Fair enough their drummer Carl Palmer went on to become ⅓ of those highpriests of the overblown, ELP, but Atomic Rooster themselves were more or less straightforward rock (even if the Wiki link above does say they were a “progressive” rock band.)
As witness Tomorrow Night, the track played on the programme (by which time Palmer had already left):-
This is one of those songs from the cusp of the 1960s/1970s.
The Ides Of March never made much of an impact in the UK where Vehicle was only a minor hit. The song’s composer, Jim Peterik, later became a member of Survivor, though, and co-wrote Eye Of The Tiger, which ever since the film Rocky III has been the obligatory music to accompany anything at all to do with boxing.
The song has an undertone of menace (“I’m the friendly stranger in the black sedan/Won’t you step inside my car?”) but had a more innocent genesis. Peterik wrote it about an old girlfriend who wasn’t that into him but used him as a taxi service. I vaguely remember reading, though, that after being apart for a while the pair later married.
Apart from calling his band Nirvana I once thought that Cobain’s use of the song title Smells Like Teen Spirit was pretty cool, a nice metaphorical touch. Then I found out Teen Spirit is actually some sort of American deodorant.
Not so cool at all, then. (Except under the arms of course.)
Here is the realNirvana’s track, Pentecost Hotel, their second single.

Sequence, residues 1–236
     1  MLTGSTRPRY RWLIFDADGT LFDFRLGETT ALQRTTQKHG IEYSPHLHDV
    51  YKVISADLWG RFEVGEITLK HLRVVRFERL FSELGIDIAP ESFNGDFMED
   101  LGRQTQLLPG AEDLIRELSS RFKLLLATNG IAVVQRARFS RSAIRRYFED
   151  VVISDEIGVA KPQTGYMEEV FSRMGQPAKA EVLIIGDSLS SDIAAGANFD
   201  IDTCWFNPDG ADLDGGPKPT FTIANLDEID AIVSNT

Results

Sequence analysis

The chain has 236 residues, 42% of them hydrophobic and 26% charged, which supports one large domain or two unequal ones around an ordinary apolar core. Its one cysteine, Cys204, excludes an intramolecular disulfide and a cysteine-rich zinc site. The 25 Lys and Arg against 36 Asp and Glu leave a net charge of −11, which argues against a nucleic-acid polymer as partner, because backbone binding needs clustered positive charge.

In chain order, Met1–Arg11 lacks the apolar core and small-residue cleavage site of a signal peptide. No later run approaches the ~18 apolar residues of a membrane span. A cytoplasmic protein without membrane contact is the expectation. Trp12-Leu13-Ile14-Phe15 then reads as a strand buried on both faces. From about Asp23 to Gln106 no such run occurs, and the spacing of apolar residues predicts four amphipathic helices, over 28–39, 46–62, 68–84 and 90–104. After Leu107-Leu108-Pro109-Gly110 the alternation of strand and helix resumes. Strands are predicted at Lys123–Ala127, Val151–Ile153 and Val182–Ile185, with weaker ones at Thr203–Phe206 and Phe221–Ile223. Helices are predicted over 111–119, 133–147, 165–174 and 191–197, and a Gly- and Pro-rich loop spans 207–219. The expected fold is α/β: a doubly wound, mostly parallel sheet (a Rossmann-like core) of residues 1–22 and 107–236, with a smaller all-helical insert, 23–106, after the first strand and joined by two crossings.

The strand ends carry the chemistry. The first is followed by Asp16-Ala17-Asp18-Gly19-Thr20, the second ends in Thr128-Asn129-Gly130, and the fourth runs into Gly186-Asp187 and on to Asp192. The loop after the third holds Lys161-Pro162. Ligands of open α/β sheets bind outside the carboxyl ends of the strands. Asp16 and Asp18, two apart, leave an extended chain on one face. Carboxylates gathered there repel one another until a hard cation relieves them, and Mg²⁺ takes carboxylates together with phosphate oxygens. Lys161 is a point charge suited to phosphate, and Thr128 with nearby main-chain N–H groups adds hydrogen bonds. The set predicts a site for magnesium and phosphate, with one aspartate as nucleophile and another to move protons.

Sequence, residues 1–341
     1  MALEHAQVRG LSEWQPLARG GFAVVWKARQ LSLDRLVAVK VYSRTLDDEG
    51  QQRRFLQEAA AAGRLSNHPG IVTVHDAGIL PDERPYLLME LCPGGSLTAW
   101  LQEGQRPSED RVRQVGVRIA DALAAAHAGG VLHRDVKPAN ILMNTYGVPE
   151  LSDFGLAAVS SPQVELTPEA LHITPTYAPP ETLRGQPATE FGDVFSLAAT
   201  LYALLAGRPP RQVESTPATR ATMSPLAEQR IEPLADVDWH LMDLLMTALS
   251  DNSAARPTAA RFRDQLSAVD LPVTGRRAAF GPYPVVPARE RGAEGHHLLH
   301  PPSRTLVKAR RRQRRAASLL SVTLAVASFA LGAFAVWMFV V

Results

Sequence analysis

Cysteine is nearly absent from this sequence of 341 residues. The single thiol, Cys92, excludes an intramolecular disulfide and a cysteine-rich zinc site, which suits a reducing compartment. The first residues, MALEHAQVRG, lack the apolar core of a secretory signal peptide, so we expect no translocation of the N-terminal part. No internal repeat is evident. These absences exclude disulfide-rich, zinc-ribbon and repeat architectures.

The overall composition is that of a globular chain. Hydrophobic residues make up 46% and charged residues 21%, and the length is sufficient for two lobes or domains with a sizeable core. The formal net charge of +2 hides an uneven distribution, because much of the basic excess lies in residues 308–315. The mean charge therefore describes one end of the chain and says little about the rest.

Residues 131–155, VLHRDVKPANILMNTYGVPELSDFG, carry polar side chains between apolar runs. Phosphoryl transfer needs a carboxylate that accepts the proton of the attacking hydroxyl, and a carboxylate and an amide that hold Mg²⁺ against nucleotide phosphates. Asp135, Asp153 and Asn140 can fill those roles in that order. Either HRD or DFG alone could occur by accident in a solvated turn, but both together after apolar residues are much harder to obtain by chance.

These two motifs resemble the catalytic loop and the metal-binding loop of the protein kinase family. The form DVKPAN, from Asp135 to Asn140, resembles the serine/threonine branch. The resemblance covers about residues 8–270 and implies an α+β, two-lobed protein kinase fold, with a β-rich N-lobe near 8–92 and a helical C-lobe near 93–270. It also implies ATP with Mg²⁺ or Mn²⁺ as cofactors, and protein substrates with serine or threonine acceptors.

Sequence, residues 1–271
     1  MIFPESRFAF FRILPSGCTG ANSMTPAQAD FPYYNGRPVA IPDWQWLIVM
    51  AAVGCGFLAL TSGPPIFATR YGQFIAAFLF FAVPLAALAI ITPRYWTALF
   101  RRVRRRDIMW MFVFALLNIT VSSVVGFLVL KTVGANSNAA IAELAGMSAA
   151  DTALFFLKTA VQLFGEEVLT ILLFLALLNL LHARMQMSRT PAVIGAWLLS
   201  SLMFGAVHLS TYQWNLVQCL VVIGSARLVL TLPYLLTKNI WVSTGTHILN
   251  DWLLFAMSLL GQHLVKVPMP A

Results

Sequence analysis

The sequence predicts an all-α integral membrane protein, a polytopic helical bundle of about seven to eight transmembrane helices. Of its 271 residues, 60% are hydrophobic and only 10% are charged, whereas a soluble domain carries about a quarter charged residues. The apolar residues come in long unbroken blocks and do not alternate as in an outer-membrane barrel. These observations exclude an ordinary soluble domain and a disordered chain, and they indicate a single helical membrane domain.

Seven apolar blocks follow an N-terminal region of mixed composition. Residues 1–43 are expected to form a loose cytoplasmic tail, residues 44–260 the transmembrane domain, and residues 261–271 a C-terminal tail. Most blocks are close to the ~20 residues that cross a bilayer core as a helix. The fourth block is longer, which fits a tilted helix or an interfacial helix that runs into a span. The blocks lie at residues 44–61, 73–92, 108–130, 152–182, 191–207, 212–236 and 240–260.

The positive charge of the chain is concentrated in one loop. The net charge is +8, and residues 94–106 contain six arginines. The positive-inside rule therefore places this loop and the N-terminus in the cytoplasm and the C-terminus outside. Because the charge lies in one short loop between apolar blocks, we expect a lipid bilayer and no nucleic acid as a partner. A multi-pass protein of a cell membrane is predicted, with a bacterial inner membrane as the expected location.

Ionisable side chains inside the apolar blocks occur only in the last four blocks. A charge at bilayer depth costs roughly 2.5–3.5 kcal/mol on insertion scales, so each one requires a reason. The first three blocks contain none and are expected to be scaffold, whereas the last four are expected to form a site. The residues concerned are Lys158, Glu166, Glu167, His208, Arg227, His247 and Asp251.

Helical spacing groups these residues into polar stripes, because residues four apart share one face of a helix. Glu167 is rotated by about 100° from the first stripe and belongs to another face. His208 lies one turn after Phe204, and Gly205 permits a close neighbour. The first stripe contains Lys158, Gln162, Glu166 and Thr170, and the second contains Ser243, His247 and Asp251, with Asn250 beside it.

The trouble with Kurt Cobain was that he named his band Nirvana.
This means that whenever I mention the original Nirvana, the true Nirvana, I have to explain I don’t mean a grungy bunch from Seattle.
The earlier (1960s) Nirvana’s mainstays were Patrick Campbell-Lyons and Alex Spyropoulos. Together with producer Chris Blackwell they produced a series of idiosyncratic singles with classical/orchestral influences and also released what was probably the first concept album, The Story Of Simon Simopath, which had a quintessentially 60s psychedelic cover – complete with blocky unequal sized lettering.
This is their first single, Tiny Goddess, which has more than a hint of Pachelbel.
This is one of my favourite relative obscurities from the sixties. It is by a group called Rupert’s People. The band was actually cobbled together from various elements to make the single.
I think one of the reasons I like this is because of the classical influence. As the above links note, the song itself was adapted from an earlier version (which I would love to hear sometime) to fit the tune of Air On A G String.
It had the great misfortune to be released just after the similarly inspired A Whiter Shade Of Pale began sweeping all before it.
Unlike Whiter Shade Of Pale, though, the lyrics of Charles Brown are not laden with obscurity even if they do perhaps constitute a bit too much of a downer to have become a big hit.
I also like the “cracked” quality of the singing voice. I believe it was the song’s composer, Rod Lynton.
I’m not quite sure why whoever posted this on You Tube used pictures of a construction site.
The B-side, Hold On, was more or less a straight forward rocker but it’s a storming track in its own right.